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39th Poetry Award Winner

Noah Stetzer - Washington, DC

Intruder
By Noah Stetzer
There are sixteen pills on the table, but today is the 12th which means
there ought to be eighteen pills because this month has thirty days, and I
make sure that the bottle has as many pills as days of the month,
every month, on the first of the month. And cause today is the 12th
and there are thirty days with eighteen days left there needs to be eighteen
pills—but there are only sixteen. And I check cause I have a system
of marks and calendars with red ink and lots of math that shows that I
forgot a pill or a mark or both or maybe neither or added
wrong back when I filled the bottle, or just forgot altogether cause
last night I was distracted, and so now I’m worried if one missed pill
might be enough, like maybe a line of a crack has surfaced along
the side of my face, where something’s just a little broken or starting
to break. Because last night the knife went missing, or at least that’s when I
couldn’t find it, the knife I noticed missing after dinner when I
went to load the dishwasher. No big knife in the sink, not the knife drawer,
and no where else in the kitchen and my first thought was it was in the hand
of an intruder, all in black behind the closed guest room door waiting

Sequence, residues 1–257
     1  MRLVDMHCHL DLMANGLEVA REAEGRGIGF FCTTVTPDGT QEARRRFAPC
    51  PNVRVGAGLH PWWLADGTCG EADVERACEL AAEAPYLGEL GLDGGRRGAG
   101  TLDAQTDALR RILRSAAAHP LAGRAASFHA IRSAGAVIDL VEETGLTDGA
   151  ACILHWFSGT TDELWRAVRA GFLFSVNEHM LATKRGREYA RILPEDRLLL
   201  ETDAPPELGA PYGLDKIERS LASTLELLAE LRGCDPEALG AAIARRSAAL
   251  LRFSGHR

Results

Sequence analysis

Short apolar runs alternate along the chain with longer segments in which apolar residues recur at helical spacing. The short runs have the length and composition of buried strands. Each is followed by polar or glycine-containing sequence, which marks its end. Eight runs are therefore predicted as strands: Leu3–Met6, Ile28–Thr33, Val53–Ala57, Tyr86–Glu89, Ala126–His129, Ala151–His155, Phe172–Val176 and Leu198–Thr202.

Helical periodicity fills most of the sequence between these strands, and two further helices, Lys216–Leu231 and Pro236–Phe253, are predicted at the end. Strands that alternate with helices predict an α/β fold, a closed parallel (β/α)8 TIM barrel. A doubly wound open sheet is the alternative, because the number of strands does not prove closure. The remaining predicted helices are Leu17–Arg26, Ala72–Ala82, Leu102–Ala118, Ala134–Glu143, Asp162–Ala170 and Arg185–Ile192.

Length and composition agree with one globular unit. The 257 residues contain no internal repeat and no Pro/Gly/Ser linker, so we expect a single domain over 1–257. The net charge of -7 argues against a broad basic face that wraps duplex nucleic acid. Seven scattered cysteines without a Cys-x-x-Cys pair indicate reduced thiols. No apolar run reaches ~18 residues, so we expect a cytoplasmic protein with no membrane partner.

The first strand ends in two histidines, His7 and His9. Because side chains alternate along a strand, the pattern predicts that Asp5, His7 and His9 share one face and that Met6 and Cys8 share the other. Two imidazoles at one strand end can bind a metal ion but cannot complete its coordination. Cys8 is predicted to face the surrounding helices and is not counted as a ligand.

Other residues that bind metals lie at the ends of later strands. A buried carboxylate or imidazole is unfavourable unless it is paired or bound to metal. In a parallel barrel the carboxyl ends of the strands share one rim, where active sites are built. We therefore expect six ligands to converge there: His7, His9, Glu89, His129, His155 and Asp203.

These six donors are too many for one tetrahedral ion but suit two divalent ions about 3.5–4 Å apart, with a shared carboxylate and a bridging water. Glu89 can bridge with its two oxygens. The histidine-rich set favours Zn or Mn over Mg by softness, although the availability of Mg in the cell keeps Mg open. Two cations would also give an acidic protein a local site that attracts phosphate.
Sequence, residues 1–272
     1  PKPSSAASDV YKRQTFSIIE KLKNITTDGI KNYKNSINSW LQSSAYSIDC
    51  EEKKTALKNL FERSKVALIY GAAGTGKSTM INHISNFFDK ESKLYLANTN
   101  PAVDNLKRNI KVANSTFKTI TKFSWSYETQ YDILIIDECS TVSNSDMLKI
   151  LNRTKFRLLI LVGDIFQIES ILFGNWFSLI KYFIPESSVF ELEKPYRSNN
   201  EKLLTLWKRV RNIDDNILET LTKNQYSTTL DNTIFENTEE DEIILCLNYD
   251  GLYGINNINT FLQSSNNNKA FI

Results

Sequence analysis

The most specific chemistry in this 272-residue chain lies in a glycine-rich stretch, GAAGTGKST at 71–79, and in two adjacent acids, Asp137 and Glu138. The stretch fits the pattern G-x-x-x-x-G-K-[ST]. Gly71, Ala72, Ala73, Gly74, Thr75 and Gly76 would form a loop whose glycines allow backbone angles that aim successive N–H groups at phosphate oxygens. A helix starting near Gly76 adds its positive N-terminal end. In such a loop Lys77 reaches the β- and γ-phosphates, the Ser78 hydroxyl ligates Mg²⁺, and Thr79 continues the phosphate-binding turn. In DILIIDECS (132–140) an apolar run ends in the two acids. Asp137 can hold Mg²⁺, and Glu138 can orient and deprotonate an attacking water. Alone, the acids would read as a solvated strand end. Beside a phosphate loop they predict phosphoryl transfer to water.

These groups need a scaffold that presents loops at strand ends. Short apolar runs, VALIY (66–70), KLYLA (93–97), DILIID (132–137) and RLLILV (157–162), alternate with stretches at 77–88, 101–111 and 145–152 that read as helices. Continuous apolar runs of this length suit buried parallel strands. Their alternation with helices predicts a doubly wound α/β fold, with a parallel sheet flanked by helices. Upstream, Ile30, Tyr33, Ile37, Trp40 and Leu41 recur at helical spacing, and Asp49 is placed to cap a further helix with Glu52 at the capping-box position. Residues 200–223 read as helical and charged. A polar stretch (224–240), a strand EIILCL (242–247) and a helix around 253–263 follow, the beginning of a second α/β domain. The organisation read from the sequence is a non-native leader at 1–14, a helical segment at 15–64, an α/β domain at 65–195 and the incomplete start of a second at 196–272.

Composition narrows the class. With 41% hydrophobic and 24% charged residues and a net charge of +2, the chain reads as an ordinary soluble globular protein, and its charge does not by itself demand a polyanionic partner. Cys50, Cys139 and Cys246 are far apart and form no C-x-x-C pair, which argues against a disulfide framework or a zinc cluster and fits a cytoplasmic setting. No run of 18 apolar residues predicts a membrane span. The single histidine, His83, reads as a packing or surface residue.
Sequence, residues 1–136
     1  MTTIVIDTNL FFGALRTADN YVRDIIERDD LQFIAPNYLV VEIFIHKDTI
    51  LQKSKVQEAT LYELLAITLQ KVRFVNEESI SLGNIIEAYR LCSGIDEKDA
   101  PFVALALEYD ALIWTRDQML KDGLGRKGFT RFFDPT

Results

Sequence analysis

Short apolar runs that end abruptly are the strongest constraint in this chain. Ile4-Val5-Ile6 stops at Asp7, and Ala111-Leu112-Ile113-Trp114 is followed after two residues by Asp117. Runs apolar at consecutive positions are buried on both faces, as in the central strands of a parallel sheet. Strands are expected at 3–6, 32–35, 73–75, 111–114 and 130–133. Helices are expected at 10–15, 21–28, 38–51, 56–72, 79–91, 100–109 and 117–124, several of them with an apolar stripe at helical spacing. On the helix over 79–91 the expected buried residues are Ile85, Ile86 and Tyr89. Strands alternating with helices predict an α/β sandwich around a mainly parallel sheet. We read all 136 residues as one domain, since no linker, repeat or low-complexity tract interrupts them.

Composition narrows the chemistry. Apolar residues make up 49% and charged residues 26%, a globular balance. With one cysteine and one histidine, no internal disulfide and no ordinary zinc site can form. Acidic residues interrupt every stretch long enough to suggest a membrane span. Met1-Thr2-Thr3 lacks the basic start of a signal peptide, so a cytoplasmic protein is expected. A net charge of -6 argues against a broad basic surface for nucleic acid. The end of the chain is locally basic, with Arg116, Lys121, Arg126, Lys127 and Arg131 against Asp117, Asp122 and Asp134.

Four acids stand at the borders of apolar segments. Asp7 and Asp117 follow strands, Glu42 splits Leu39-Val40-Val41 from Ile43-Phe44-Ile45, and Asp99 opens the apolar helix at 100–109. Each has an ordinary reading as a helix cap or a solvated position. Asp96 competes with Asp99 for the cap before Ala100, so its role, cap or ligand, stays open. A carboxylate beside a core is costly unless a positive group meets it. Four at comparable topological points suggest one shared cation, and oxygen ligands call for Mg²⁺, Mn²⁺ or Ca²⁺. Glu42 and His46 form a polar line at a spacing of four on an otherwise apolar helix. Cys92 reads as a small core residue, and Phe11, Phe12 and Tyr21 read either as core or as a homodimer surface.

for a moment, like now during the empty afternoon, when my guard
is down, and I’m alone in the house. Someone holding the missing knife,
making no noise, not moving: all night. But last night in the kitchen, I
thought, “you’re crazy” and then, that I’d slipped the knife into my red back pack,
that I had the knife in my bag in case I needed it. That maybe
I’d packed the knife and then forgot, which makes sense but needs fixing because
I’d been forgetting things more, and what if I have started to forget
big things like this knife in my back pack? Cause I can see needing a knife.
I went to finish clearing this table and wiped off the crumbs and I
folded the cloth so I could go check my red back pack in the guest room
closet and did not find the missing knife there with my just-in-case clothes
and a week’s worth of meds. And so today what’s upsetting is the one
pill too many or one pill off depending on how you are looking
at it, and the extra pill that I may have taken or forgotten
to take. More upsetting is that I can’t account for it either way,
which worries me that something might could now, again, slip up and in.
Noah Stetzer is a graduate of The MFA Program for Writers at Warren Wilson College and also a scholarship recipient from the Lambda Literary Retreat for Emerging LGBT Writers and from the Bread Loaf Writer's Conference. He lives in the Washington DC metro area.
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